Justice advocates Rachael and Jacob Denhollander stand out as representative of the best leadership that God’s people have to offer today as the church wrestles with the complex challenges of justice. Justice is not only integral to the gospel, but integral to vocation. We’re pleased to have the Denhollanders – a lawyer and a systematic theologian working together to advance a theology of justice – join Karam Forum in Atlanta on Jan. 3-4 to speak with us about justice and vocation in our daily work.
Karam Forum is a unique gathering to inspire, equip and connect – and time is running out to join us, so don’t wait! Register today to join our abundant lineup of leaders and sessions. There’s no substitute for being there! The limited-time price of $100 is available only through Dec. 15. You can also reserve your hotel room for the conference price of $129, also for a limited time. (Faculty and other leaders at ON partner schools, check with your ON liaison to get a coupon for conference registration.)
Rich Mouw, Charisse Jones, Greg Jones, Jules Martinez and many more will catalyze conversation on justice, discipleship, fruitfulness and the kingdom of God. We’ll also hear from people in local Atlanta churches – including our on-site hosts at Intown Community Church – equipping their congregations for transformative whole-life discipleship.
When her compelling testimony at the Larry Nassar sexual abuse trial went viral, lawyer Rachael Denhollander captured the attention of both the nation and the church as an advocate for justice and for the gospel. Unfortunately, she encountered a great deal of opposition in the church to her work against abuse. She was even pushed out of her local church by people who treated abuse charges as suspicious and dangerous if they implicated Christian leaders. In her new book, What Is a Girl Worth?, she shares how the struggle to overcome abuse is a lifelong one for her – and how the knowledge of God was essential not only to her personal struggle, but to her public witness for justice.
Denhollander’s book has occasioned a great deal of discussion. There are hopeful signs that she has not only helped put a dangerous criminal behind bars, but helped take a lot of wrong thinking about abuse captive as well. (ON Director Greg Forster recently wrote on that aspect of her work.) But her witness for justice and the gospel goes far beyond the issue of sexual abuse.
One of the most telling things that happened when her testimony went viral was this: Churches and Christian media typically covered only the part of her testimony where she discussed forgiveness. Her lengthy discussion of justice and repentance was (at first) mostly left out. Links to video of her testimony almost always linked directly to the part about forgiveness, skipping over God’s implacable and traumatic demand for perfect justice – without which no real repentance or forgiveness is possible.
“It was fascinating when I gave my statement; news outlets discussed how God allowed me to forgive him, but they didn’t focus on the fact that I was also there asking for the judge to give him the maximum sentence,” Denhollander said. Her haunting question to the judge – “what is a girl worth?” – went mostly unheard in the evangelical world.
This deficient theology and practice is not just about abuse, it’s about the whole of life – something that should catch our attention if our movement is about “whole-life discipleship.” The church’s widespread failure to equip people for God’s vocation in their daily work is interdependent with the church’s failure to take abuse seriously, for they grow from the same root. A cheap grace that fails to confront God’s traumatic call for justice must – and does – spread through the life of the church like an infection, weakening every aspect of our discipleship.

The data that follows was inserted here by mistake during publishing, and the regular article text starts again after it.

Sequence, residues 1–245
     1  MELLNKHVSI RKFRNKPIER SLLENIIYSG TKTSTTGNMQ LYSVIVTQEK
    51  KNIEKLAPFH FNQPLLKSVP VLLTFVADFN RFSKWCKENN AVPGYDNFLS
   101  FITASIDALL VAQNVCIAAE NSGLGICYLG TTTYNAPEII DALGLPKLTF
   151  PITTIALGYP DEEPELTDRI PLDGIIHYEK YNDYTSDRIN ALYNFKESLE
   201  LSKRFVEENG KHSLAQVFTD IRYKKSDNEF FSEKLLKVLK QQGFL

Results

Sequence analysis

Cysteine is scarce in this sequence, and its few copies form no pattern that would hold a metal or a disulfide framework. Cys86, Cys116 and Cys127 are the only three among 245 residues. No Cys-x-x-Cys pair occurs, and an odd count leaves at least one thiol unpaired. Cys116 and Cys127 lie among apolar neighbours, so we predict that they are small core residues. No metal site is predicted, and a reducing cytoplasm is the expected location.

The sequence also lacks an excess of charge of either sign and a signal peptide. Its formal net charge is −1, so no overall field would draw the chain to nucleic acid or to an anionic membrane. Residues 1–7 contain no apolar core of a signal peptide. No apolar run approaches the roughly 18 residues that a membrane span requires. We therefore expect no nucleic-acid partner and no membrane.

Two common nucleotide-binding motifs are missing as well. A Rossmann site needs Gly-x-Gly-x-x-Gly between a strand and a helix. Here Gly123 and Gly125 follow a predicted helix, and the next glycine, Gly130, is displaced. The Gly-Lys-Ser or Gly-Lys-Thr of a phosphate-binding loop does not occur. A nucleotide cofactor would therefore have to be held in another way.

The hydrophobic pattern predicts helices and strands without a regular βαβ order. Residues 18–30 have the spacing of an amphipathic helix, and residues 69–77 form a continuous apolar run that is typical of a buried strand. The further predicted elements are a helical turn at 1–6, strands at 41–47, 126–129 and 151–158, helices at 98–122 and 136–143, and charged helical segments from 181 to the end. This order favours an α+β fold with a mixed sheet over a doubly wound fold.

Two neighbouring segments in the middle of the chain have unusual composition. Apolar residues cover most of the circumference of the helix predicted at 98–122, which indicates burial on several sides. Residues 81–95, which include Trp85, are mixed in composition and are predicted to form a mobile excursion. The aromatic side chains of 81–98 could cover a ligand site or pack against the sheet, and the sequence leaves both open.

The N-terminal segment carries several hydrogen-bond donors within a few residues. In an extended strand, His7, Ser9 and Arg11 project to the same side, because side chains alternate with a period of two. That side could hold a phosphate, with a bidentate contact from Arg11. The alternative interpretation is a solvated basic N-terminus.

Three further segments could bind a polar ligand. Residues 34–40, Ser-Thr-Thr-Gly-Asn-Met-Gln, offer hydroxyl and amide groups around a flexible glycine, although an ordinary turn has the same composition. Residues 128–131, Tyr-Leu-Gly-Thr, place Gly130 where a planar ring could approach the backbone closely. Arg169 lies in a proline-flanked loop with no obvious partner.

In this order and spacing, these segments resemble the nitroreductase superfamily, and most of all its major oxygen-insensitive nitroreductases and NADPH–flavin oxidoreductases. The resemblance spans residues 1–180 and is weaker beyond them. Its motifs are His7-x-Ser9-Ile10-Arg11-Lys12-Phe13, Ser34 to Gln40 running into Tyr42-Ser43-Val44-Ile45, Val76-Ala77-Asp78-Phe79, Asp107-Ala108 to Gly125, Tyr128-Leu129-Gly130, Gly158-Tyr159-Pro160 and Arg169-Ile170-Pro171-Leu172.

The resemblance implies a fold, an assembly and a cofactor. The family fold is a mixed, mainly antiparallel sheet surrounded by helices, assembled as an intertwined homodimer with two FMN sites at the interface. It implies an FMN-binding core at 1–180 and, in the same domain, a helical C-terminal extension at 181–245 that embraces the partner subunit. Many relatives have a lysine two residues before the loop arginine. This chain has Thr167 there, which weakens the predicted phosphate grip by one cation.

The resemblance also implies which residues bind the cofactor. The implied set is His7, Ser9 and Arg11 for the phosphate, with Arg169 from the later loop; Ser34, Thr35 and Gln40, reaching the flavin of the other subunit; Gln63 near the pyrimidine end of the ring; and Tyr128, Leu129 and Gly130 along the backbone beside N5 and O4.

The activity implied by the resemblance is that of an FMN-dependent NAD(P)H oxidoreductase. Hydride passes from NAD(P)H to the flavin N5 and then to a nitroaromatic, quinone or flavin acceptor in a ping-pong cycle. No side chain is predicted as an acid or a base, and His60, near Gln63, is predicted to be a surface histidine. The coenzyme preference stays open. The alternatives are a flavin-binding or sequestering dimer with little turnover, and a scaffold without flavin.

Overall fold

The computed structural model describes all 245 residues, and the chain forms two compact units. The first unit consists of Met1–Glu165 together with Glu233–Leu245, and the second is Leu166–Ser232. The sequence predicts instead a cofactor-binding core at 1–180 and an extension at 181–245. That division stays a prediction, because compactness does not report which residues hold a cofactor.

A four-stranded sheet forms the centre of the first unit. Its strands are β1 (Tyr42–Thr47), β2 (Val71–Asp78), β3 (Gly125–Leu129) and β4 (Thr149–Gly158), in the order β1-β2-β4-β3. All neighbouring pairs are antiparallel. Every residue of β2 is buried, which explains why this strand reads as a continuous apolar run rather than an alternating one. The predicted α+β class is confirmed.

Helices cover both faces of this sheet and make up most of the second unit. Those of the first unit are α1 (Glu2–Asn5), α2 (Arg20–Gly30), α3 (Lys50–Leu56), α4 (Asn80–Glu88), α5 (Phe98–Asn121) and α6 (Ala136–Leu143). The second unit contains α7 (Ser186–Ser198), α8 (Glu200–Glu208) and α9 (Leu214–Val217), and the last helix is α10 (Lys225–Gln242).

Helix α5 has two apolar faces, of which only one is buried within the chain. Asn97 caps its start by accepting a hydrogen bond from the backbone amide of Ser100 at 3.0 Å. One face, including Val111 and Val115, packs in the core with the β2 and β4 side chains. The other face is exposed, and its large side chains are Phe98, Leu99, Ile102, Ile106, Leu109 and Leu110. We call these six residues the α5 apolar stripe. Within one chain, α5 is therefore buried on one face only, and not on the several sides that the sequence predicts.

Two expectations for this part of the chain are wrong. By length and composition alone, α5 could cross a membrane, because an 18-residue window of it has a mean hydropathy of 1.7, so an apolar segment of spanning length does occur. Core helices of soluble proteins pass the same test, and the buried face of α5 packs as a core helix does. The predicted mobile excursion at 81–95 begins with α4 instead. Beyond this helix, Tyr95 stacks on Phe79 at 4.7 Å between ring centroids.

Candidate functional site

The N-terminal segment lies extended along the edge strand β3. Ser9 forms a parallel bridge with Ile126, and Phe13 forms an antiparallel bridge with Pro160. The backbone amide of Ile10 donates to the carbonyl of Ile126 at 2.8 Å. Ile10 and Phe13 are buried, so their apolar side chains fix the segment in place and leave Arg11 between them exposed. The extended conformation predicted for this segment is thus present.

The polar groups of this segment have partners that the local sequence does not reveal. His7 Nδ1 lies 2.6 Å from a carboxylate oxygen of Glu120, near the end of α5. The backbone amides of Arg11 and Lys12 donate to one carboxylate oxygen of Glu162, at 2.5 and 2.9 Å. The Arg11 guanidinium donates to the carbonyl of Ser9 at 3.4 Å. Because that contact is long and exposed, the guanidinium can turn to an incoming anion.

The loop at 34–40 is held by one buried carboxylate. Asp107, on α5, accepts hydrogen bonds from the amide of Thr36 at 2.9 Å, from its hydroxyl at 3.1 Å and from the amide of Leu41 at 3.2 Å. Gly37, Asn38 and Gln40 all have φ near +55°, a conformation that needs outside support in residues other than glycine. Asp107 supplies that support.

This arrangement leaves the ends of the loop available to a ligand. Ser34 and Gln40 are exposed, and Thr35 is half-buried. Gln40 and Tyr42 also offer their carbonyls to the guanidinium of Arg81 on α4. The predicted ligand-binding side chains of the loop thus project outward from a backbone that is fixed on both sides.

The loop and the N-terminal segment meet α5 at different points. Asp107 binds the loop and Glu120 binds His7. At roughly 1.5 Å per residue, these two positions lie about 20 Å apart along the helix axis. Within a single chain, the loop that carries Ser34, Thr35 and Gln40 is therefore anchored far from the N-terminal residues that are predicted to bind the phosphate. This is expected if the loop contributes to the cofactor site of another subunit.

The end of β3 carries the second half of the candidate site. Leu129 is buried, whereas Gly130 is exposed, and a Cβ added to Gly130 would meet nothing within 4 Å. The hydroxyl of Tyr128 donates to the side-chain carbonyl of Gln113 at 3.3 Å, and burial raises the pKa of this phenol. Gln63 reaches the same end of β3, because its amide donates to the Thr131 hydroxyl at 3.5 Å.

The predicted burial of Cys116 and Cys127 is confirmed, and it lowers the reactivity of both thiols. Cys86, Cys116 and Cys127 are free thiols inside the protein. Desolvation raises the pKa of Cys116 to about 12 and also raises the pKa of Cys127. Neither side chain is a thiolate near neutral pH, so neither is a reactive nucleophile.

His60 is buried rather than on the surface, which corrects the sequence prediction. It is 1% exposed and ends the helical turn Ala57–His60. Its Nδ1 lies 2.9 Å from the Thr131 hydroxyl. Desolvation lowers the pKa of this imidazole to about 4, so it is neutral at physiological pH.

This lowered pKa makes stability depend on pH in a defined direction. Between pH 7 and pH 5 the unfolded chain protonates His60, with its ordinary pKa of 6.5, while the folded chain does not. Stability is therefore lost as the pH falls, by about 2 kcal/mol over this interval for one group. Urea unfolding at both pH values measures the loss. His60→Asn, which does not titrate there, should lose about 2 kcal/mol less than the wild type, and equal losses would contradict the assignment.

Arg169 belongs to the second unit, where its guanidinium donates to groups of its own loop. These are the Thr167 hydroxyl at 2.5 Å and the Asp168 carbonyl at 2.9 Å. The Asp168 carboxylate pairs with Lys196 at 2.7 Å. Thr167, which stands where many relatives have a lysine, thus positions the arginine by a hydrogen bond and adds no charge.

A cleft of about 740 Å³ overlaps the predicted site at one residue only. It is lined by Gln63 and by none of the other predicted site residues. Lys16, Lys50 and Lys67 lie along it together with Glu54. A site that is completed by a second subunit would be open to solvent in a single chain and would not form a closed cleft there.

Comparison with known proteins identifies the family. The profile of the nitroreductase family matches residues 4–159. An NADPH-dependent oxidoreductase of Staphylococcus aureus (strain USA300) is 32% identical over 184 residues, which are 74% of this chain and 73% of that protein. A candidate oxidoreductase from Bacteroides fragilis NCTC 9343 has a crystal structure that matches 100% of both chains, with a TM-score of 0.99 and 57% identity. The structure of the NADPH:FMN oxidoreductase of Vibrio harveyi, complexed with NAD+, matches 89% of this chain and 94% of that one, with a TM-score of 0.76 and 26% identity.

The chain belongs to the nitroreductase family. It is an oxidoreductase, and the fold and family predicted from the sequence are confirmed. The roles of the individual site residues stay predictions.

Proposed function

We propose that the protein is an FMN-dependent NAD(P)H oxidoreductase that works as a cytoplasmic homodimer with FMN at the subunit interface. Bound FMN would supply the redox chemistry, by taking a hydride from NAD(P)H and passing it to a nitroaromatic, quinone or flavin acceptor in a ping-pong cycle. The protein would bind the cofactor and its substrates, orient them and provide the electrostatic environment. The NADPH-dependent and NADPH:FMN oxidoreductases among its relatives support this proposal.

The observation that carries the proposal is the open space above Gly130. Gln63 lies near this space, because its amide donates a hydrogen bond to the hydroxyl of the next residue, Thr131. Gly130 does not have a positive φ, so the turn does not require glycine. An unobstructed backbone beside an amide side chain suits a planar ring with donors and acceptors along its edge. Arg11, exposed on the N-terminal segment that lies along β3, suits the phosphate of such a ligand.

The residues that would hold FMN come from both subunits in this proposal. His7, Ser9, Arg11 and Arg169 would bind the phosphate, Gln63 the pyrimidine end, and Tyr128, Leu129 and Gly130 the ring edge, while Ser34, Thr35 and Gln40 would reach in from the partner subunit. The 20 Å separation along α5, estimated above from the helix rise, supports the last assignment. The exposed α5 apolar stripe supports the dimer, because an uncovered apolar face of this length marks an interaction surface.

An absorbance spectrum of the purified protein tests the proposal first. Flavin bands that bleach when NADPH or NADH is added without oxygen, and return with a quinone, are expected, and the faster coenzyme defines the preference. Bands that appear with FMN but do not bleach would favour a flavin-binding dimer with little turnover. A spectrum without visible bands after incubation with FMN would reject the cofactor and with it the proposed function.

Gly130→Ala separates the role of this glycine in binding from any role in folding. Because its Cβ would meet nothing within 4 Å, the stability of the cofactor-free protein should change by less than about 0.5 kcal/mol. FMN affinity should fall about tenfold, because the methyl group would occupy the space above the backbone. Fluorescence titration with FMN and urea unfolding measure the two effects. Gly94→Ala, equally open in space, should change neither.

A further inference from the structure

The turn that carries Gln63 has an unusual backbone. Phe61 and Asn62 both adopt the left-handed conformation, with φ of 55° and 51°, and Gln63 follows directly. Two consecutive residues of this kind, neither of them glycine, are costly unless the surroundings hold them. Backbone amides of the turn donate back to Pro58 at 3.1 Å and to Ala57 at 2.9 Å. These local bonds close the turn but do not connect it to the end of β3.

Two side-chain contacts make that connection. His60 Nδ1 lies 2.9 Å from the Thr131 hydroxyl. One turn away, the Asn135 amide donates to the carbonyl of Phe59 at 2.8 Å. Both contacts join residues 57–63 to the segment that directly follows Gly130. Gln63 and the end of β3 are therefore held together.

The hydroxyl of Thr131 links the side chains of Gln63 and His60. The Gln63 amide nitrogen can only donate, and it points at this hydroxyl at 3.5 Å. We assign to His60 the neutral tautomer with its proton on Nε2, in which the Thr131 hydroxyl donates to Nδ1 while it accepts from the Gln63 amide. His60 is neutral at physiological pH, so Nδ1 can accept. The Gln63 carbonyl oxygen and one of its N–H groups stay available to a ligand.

A movement whose bedrock commitment is “whole-life discipleship” must not only accept but embrace – and prioritize – God’s traumatic demand for justice. The call to follow Jesus, the call to repent from and oppose injustice, and the call to do our daily work in the world in gospel faith are, after all, the same call.
Rachael Denhollander, a lawyer, and her husband Jacob, a doctoral student in systematic theology at Southern Baptist Theological Seminary, have not only become the leaders of a growing movement in the evangelical church to confront abuse. They are working together to articulate and advocate a theology and practice of justice for the church and the world. Their approach repudiates cheap grace in order to hold on to God’s traumatic but precious demand for perfect justice, the only possible starting point for real restoration. At last fall’s meeting of the Evangelical Theological Society, they delivered a co-written paper grounding an approach to justice in core categories of systematic theology such as the Trinity and the atonement.
The Oikonomia Network welcomes Rachael and Jacob Denhollander to Karam Forum to discuss how justice is not only integral to the gospel, but integral to vocation. Cultural circumstances may vary, so what works in one place and time may not be right for another. But justice always remains at the center of the gospel call, which is and includes the call to do our work in the world by faith.
There is, to repeat, no substitute for being there. Register today for this unique opportunity to hear the Denhollanders as well as Rich Mouw, Charisse Jones, Greg Jones, Jules Martinez and many more as we consider together what God has in store for theological education in the coming generation. We look forward to seeing you in Atlanta!